Twenty percent of the global oil supply flows through the Strait of Hormuz, a narrow stretch of water that separates Persian Gulf countries like Iran, Iraq and Kuwait from the rest of the world. From May 15 to June 15, more than 1,000 tanker ships traveled the strait. Many were destined for places as far away as China and South Korea. The gulf region has been rocked by instability in recent months, threatening the flow of oil through the strait. Six tankers have been attacked since May amid escalating tensions between Iran and the United States.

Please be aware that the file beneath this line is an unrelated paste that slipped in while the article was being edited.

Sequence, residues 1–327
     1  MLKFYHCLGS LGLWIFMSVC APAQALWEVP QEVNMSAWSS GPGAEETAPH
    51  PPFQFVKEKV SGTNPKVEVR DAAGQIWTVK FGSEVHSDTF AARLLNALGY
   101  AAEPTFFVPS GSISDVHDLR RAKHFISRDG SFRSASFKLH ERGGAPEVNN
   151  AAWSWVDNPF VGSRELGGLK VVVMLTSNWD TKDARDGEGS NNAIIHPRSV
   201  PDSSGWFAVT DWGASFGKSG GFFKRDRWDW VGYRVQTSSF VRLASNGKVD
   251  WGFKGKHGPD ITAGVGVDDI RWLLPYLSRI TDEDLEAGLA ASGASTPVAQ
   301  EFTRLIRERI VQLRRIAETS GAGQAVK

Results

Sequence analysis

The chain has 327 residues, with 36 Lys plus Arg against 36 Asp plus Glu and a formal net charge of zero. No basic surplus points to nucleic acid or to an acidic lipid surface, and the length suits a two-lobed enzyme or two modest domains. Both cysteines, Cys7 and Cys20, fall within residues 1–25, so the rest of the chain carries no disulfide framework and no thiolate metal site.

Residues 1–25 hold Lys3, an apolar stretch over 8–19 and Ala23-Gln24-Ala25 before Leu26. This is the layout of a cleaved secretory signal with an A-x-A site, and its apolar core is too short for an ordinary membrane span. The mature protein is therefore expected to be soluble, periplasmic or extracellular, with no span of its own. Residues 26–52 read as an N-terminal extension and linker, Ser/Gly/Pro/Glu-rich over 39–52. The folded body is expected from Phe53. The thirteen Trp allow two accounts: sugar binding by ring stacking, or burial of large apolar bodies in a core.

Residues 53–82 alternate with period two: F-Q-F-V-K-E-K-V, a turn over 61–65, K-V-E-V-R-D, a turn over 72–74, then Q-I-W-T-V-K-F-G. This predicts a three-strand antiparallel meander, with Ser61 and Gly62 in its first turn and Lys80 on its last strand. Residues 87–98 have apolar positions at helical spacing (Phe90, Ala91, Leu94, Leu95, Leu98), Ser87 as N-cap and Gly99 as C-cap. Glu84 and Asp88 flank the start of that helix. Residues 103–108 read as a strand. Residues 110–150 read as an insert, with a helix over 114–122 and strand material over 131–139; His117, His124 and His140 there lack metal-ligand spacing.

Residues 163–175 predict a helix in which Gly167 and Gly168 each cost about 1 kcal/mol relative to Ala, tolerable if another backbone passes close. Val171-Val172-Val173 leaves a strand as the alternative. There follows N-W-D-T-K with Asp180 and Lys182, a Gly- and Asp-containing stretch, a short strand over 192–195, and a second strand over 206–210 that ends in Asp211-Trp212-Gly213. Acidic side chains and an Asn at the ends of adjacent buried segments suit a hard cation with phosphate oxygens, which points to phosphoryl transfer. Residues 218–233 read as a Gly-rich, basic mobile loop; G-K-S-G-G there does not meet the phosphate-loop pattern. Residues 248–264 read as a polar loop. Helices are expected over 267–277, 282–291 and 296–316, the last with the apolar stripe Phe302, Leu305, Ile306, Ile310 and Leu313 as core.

In the past year, the United States has imposed new sanctions on Iran meant to cripple the country over its nuclear program. Some of the measures have targeted the country’s oil exports, long the lifeblood of its economy. Iran, in defiance, has said it would begin to enrich uranium at higher levels as soon as Sunday. If tensions persist, disruptions along the strait, where the shipping channel is barely two miles wide, could be felt in India, China and dozens of other countries that buy Middle Eastern oil in large quantities.